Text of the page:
'You're probably the first tourist to climb Mullaghmore,' says my companion as we reach the summit. 'We certainly don't get many of you up this way.' It's a perfect day to enjoy this wild, desolate landscape: sunny and clear with a cool breeze. Far off to the east, I can see the shimmering grey waters of Lough Neagh--the UK's largest lake. I can just make out the imposing silhouettes of the Mourne Mountains to the south, the Donegal highlands in the west and, to the north, the distinct profile of the Antrim Plateau, home to the Giant's Causeway.
The Sperrins Area of Outstanding Natural Beauty (AONB) consists of a range of hills that straddle the Northern Ireland counties of Londonderry and Tyrone--at 100 square kilometres, it's one of the largest, yet least visited, upland areas in Ireland. The Sperrins the name derives from the Irish Na Speirini, meaning 'spurs of rock'--were sculpted by ice from metamorphic rock that formed many millions of years ago. The peaks would once have been much taller, but 12,000-15,000 years ago, an ice sheet sheered off their rough edges to give them their rounded whaleback appearance, while depositing rich glacial deposits in the valley floors.
Although the views across the Sperrins are undeniably impressive, we've actually climbed Mullaghmore in search of an unusual landscape feature that Martin Bradley, countryside officer for Strabane Council and part-time walking guide, is keen to show me.
'I'm big into bogs,' he says as he strides purposefully through the marshy soil. 'I studied bogs and sedimentology at university, and I just love to come up here and wander around, seeing all the different shapes in the peat hags. I'm in my own world.'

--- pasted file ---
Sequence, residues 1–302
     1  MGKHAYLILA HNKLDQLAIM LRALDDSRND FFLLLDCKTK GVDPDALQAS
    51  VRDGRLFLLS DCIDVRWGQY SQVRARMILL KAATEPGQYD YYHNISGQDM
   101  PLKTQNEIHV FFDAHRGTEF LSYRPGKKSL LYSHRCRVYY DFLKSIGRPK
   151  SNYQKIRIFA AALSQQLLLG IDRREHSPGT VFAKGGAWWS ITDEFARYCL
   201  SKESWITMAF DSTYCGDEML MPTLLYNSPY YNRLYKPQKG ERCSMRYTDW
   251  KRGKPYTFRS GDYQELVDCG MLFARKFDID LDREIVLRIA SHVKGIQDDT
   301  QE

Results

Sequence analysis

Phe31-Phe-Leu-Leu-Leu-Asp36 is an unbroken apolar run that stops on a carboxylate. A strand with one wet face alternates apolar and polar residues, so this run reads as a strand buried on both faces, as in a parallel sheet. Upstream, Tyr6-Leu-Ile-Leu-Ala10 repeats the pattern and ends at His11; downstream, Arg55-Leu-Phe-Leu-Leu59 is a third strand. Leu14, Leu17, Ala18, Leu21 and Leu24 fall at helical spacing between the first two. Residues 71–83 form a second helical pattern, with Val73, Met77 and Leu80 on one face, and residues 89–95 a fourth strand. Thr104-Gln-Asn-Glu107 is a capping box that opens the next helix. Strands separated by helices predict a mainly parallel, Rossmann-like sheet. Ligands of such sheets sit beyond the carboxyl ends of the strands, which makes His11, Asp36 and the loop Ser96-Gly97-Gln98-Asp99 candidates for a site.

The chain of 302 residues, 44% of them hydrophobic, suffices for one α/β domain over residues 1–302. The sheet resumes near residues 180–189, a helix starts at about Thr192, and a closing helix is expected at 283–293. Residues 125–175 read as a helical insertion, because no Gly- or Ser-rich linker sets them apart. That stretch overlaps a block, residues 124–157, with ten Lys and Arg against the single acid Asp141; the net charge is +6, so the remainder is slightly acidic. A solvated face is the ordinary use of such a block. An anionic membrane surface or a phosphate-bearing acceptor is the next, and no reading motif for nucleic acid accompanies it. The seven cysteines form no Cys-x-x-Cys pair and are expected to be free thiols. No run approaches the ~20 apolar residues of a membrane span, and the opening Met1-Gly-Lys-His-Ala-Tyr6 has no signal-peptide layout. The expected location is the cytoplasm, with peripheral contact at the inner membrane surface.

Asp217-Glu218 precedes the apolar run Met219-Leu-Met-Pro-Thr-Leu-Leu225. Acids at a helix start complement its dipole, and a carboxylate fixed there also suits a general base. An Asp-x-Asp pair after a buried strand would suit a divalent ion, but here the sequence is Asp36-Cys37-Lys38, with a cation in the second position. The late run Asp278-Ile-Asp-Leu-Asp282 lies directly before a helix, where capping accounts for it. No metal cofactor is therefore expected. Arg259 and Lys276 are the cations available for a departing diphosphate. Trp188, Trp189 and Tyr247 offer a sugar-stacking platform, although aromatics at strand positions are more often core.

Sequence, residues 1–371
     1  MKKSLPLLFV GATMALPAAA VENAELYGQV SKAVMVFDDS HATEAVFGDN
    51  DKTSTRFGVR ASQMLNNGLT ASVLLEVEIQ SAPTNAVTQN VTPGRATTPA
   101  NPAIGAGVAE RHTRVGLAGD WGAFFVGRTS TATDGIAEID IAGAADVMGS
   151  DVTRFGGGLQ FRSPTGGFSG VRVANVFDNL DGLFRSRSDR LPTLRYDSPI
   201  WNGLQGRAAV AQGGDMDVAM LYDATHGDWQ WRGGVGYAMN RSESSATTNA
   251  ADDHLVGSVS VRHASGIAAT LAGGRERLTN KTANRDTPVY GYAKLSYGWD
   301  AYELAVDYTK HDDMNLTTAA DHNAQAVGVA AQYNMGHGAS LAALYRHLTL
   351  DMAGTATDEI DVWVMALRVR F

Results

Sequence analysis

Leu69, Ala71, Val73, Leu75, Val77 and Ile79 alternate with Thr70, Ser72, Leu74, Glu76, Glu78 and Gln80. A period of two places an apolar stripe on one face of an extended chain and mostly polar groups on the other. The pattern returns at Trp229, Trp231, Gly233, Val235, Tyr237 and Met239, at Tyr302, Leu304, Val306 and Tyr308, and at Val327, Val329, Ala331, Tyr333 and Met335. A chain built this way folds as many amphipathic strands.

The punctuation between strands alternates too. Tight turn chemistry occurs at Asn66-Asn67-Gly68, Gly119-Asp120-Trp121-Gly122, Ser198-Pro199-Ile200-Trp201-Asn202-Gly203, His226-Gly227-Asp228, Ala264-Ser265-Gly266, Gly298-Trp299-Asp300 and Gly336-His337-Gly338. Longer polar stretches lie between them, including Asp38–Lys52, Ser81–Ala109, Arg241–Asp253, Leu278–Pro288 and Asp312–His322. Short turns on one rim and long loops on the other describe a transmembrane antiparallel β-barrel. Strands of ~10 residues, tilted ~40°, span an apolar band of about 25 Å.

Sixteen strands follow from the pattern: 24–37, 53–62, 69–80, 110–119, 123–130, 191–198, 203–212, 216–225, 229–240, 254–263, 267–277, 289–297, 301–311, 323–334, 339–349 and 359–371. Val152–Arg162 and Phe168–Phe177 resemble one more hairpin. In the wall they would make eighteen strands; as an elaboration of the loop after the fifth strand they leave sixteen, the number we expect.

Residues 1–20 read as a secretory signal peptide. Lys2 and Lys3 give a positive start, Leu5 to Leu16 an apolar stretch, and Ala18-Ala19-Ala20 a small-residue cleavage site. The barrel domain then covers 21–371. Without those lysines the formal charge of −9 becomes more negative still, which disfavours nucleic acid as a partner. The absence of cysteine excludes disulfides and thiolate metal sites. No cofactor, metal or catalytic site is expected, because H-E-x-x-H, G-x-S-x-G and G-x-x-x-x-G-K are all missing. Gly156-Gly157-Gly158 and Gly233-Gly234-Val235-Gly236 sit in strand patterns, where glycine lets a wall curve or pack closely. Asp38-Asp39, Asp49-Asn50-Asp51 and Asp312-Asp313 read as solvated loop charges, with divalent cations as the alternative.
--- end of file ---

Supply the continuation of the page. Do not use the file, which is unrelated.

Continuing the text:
Rather than being some sort of mystical bog inhabitant, peat hags are erosional features of upland blanket bog that are formed when the surrounding peat has been washed or blown away by heavy rain and strong winds. Usually between one and three metres wide, they resemble large, squat mud-mushrooms, topped off with an unruly mix of grass, moss or heather.
As we explore this bizarre field of peat pinnacles, leaving deep boot prints in our wake, I can't help wondering if we might be damaging this unusual habitat, which forms a characteristic part of the Sperrins' landscape. Peat--often referred to in Ireland as turf--is a type of soil that contains a large amount of dead organic matter, accumulated over thousands of years. According to the Northern Ireland Environment Agency (NIEA), it takes about ten years for one centimetre of peat to form; once this happens, it supports a number of rare and unusual plants and animals.
Ireland's cool, wet climate is ideal for peat, and several small areas of protected intact blanket and raised bog are found within the AONB, but in the past century, both types of bog have suffered dramatic decline. But it isn't walkers that are putting them under strain--the Sperrins' five designated footpaths are never crowded ('You'll be lucky if you see another walker,' says Bradley)--it's exploitation for fuel.
According to the NIEA, 46 per cent of the blanket bogs and 77 per cent of the raised bogs in Northern Ireland are believed to have, at some point, been cut and re-cut for fuel. 'You can see the darker areas and the lines on the hills where they've cut the peat or blanket bog in the past and taken it down the hill for their turf fires,' says Bradley.
And in some areas, it's pretty clear from the muddy scars in the blanket bogs--as well as the lines of plastic bags filled with neatly cut peat--that the practice is ongoing. 'People still have turbary rights [common or historical rights to cut peat], and at the current time, we're finding that they're starting to exploit those again--probably in response to rising oil prices,' says Ciaran Mullan, nature conservation manager at the Ulster Wildlife Trust. …